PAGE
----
Faith and religion in humanitarian action

In the Philippines, my country, disasters are sadly too frequent. The cost is great in term of lives lost, livelihood ruined, infrastructure destroyed and dreams shattered. Yet, what these communities have in abundance are faith and hope. These virtues drive them to rebuild their lives and communities from the rubble.

Needless to say love for their families impels them to believe and to hope. They are supported by local civil society, including faith-based organisations, among which Caritas has a leading role. Together these grassroots organisations play a key part in humanitarian responses to the chaos brought about by natural and human-made disasters.

Photo by Val Morgan/SCIAF

Photo by Val Morgan/SCIAF

These organisations live and work on the ground. They are a vital part of communities before any disaster strikes and remain there long after the emergency has passed. They suffer with those who suffer. For this reason they possess a wealth of knowledge and breadth of wisdom born out of faith, hope and empathy. They understand the culture which plays a crucial role in any recovery effort.

It is noticeable however, that the current humanitarian system of donors, present even in some UN agencies, fails too often to recognise or to engage these local organisations, including faith-based institutions. These agencies tend to direct humanitarian response from the top instead of valuing the experience and practices of those who are already living and working in the communities.

This top-down way of working has been proven neither efficient nor effective. It fails to give due respect to the communities who are being served. Many faith-based organisations propose a global vision where people, especially those in need, are supported in becoming “dignified agents of their own destiny” and recognized as agents of the transformation of society rather than mere beneficiaries of other persons´ charitable acts.

The World Humanitarian Summit is an opportunity to address this concern. We need to improve cooperation in the humanitarian sector by giving national and local organisations support so they could lead in humanitarian responses using their grassroots’ experience and wisdom rather than operate on a one-size-fits-all model.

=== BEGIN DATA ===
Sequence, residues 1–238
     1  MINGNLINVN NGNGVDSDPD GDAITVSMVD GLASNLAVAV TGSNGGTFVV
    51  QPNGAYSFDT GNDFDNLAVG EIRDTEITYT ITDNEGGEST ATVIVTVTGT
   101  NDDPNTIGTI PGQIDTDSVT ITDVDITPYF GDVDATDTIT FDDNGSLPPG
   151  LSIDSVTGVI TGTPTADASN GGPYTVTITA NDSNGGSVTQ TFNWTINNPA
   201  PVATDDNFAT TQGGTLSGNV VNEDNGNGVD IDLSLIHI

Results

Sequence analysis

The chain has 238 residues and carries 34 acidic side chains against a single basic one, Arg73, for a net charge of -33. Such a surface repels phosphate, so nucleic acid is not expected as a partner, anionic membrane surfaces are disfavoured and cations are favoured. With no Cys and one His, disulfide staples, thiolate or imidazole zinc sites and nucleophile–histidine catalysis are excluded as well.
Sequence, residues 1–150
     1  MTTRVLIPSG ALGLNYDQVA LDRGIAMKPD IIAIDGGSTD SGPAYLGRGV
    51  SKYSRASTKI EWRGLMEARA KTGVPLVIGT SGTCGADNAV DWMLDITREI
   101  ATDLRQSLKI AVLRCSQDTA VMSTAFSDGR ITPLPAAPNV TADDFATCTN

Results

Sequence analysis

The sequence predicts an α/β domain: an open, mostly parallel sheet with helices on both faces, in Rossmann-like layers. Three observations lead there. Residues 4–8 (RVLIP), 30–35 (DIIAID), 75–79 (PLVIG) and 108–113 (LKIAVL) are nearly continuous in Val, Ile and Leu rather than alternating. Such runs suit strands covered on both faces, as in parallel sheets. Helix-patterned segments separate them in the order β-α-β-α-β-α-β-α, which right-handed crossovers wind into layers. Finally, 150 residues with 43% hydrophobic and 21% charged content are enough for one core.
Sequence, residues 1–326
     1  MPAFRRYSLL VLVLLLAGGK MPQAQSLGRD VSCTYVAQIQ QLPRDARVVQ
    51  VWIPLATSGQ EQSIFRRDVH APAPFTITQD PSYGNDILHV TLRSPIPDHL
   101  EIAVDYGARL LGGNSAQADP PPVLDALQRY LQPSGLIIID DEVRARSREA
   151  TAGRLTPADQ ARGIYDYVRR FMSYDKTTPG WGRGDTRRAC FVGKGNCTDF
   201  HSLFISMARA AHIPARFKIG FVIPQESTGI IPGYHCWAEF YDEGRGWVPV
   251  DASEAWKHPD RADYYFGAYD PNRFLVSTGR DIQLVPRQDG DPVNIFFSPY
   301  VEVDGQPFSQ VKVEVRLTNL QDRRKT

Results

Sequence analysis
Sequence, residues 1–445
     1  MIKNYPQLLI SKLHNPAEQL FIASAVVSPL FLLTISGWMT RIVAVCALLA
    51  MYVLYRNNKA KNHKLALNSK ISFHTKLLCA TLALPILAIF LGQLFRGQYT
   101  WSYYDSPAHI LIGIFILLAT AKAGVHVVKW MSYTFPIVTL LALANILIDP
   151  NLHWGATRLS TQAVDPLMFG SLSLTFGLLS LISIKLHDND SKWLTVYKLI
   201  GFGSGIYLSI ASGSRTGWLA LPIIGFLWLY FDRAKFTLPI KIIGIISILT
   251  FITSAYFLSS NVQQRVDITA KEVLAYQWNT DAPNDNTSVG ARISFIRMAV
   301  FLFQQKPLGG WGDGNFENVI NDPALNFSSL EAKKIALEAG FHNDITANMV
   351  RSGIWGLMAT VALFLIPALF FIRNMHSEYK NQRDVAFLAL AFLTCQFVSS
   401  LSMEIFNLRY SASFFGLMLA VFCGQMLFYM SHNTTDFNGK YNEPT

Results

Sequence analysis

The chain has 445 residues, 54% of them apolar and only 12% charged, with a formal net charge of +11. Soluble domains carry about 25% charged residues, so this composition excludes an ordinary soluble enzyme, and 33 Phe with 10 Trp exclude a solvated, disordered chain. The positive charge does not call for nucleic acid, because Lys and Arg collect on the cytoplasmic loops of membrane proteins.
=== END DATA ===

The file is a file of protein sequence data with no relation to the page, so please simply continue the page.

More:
We need to improve partnership and coordination, ensuring that the resources are made available to the grassroots. The Charter4Change sets as goal that 20 percent of the signatories’ humanitarian funding would be passed on to southern-based NGOs by 2018 and that the NGOs would also be given direct access to donors. This is the bare minimum. The bar needs to be much higher. In Caritas, we are almost at a 100 % level as it is our vision and mission to organise communities and work with them.

The experience of Caritas affirms that local institutions are the ones that offer extensive networks of critical infrastructure that serve as a source of shelter, care and education to affected populations. Parishes, village chapels and small Christian communities are examples. Our experience has taught us that many survivors of disasters need as much emotional and spiritual first-aid as they need relief goods. We need to invest in and strengthen these networks so they could withstand crises. They are not merely supplemental or parallel to public or government service that are often stretched beyond capacity.

Donors should direct their resources increasingly to these local efforts that promote grassroots’ action. We need long-term, multi-sectorial partnerships that prepare communities for disasters and help them recover. We have already seen the effective use of technology, social communication and cash assistance by local faith organizations. The appropriate use of innovation must keep the affected persons at the centre of our action.

The system must be willing to invest in the long-term capacity-building of these local organisations. Proper training, infrastructure and systems development can bolster their credibility and efficiency.

The type of partnership I am talking about already exists and is flourishing in some places. In Ebola-hit countries for example, Caritas worked with the WHO to organise safe and dignified burial programmes, bringing in the faith perspective.

We saw the promise of a long-term and profound change last year with the adoption of a new global climate agreement in Paris and with the launch of the Sustainable Development Goals in New York, both of which need the vibrant participation of grassroots communities. We cannot ignore the role played by faith in ecological justice and integral human development.

This year the World Humanitarian Summit offers us the chance to transform the structure of power and control in the current humanitarian system and to give local organisations their rightful seat at the table.

Pope Benedict XVI said in his trip to the United Kingdom, “Where human lives are concerned, time is always short: yet the world has witnessed the vast resources that governments can draw upon to rescue financial institutions deemed ‘too big to fail’. Surely the integral human development of the world’s peoples is no less important: here is an enterprise, worthy of the world’s attention that is truly ‘too big to fail’.”


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